Link to comment
Share on other sites

13 hours ago, psyche101 said:

Observation of brain waves with sensitive instruments. What more could you possibly want? We watch the activity disapate. 

Old ideas.

A study by Norton in 2017 recorded EEG activity in 4 terminal patients having their life-support turned off. One of the four patients displayed brain activity well into 10 minutes after they were declared clinically dead (i.e. absence of pulse or pupillary action). This patient experienced similar brain waves as to what is typically seen in deep sleep. This was in contrast to the slow death wave seen in the previous study that is seen in some people leading up to their moment of death.

https://www.news-medical.net/amp/health/What-Happens-to-the-Brain-After-Death.aspx

The cerebral cortex isn't the entire brain. 

That's what's changed in 75 years. 

That's a strange comment. You want to explain what I've posted that supports your argument? Did you know that cells in your body work furiously as if you were alive for days after death? Trying to carry out normal functions and repair damage? 

You have a good night as well. I've still got a few hours in my day. Suns just going down.

Ok so I was finally able to read the article. With only one example, certainly this must have sparked a need for more study? Just one would be considered an anomaly no? Possibly even a mistake. Is there anything else?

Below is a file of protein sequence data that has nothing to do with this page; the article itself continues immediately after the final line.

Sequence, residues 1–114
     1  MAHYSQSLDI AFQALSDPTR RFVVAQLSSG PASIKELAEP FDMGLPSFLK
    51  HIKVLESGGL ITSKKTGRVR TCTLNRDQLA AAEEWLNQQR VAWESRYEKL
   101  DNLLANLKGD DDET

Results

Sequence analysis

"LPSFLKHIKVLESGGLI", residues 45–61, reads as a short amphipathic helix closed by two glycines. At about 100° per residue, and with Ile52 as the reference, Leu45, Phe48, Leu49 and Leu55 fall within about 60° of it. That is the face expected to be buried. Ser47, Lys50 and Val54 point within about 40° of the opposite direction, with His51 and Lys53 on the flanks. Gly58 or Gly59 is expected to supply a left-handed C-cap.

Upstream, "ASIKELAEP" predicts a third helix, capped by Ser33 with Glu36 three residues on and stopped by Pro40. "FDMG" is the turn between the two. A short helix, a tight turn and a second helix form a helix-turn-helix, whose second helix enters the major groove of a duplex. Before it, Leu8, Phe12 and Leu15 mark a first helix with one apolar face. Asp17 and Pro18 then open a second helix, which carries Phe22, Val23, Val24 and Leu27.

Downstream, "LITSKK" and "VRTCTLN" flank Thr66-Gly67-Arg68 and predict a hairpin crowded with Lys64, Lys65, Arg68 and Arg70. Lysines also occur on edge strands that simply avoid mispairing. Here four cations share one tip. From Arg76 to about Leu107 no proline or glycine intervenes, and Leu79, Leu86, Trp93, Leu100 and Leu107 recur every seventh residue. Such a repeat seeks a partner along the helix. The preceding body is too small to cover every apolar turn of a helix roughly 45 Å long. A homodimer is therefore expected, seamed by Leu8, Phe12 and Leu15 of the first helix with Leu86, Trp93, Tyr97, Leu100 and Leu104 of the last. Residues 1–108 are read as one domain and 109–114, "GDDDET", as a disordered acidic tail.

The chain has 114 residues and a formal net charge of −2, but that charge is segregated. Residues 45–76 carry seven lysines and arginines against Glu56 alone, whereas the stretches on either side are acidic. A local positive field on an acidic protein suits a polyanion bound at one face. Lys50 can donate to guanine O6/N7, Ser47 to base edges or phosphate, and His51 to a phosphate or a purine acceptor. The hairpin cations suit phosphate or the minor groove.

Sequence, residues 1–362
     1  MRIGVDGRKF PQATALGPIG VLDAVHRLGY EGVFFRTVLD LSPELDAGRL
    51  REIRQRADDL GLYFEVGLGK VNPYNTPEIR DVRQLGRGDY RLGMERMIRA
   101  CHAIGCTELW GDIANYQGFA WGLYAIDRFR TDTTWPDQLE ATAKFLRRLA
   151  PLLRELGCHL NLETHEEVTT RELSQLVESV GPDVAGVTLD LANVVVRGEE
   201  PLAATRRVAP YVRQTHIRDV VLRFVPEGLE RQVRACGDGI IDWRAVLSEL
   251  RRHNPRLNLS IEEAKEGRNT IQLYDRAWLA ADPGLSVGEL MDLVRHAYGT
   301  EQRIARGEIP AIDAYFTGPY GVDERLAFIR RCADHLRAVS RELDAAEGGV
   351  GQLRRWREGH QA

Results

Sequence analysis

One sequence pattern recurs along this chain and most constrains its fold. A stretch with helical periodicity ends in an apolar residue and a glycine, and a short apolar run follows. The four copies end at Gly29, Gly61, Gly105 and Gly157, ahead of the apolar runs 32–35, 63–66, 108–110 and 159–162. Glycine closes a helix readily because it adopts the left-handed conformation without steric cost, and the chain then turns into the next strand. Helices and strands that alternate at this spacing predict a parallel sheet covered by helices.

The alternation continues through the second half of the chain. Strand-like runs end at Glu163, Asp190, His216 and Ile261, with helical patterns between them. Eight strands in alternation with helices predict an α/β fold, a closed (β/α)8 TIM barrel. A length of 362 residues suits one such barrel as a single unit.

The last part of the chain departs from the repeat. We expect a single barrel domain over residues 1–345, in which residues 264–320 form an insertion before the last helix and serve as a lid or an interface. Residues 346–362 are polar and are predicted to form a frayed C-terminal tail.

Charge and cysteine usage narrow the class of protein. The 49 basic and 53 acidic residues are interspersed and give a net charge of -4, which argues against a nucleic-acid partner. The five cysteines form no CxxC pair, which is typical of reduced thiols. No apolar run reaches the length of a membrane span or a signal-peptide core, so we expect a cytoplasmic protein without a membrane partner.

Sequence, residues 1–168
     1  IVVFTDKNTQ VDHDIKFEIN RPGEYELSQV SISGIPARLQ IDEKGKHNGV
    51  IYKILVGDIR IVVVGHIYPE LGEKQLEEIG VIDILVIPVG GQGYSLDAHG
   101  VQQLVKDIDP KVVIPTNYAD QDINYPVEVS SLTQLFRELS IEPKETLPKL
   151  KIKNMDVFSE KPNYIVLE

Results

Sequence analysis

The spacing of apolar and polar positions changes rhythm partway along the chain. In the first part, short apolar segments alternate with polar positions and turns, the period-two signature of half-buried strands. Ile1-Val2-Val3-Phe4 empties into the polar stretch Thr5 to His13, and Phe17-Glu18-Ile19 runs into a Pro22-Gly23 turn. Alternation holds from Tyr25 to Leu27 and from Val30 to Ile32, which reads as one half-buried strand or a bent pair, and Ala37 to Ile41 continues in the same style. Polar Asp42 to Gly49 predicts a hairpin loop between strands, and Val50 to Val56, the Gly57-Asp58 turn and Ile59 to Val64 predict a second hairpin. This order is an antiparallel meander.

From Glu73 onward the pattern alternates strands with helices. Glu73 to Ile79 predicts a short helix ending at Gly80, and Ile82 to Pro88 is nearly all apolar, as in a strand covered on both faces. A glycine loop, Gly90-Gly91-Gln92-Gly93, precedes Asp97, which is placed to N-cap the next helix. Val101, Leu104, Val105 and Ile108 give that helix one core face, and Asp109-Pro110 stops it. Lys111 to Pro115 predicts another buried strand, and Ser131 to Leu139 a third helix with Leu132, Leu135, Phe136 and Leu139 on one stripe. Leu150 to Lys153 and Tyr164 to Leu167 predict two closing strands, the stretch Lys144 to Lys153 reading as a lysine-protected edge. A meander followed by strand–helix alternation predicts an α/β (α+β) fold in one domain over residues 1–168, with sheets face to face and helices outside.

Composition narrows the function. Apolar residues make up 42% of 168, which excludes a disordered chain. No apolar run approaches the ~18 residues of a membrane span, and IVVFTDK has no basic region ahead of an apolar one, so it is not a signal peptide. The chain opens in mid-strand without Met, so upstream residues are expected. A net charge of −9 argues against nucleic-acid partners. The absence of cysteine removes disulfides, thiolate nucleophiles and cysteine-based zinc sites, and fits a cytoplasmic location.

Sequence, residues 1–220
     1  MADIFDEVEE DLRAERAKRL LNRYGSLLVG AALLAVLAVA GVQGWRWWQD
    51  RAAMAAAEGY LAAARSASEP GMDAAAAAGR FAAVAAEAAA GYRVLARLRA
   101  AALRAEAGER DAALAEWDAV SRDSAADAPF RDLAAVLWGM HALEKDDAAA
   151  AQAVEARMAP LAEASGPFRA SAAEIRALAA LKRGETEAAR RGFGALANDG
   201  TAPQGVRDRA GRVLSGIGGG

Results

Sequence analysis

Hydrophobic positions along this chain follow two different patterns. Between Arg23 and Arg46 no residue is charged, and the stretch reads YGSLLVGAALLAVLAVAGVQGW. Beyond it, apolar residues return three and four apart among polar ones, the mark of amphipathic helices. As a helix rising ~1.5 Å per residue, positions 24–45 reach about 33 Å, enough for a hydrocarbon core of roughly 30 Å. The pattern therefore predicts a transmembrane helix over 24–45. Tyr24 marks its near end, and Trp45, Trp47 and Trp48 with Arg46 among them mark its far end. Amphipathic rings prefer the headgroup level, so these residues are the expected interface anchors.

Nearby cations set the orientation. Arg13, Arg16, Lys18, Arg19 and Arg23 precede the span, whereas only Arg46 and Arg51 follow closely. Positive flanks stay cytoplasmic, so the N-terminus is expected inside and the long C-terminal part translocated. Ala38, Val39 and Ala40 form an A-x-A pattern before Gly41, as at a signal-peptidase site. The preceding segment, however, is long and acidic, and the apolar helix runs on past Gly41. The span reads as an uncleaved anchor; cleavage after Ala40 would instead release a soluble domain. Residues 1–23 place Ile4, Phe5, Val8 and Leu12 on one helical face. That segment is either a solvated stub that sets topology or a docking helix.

I mean you don’t really think a single possible case deletes 75 years of neurological science right? 

  • Like 1
Link to comment
Share on other sites

Posted (edited)
6 hours ago, preacherman76 said:

Ok so I was finally able to read the article. With only one example, certainly this must have sparked a need for more study? Just one would be considered an anomaly no? Possibly even a mistake. Is there anything else? 
 

I mean you don’t really think a single possible case deletes 75 years of neurological science right? 

That one is the record.

In this instance, another man showed brain activity for seven minutes after death:

https://medium.com/sciention/7-minutes-after-death-youre-alive-8a407d42e32

And this case sparked these new theories:

https://www.smithsonianmag.com/smart-news/brain-scans-suggest-life-flashes-before-our-eyes-upon-death-180979647/

 

Animal experiments are listed in the other link, gruesome experiments where rats brain activity is measured after decapitation, and out brains removed and to a very basic extent revived. Cells started working again, but only random neurones were firing. The network is a neural workshop capable of conceptual thoughts, it's why your brain can imagine an elephant dancing on the head of a pin. We can automatically rescale and create wild combinations due to this ability.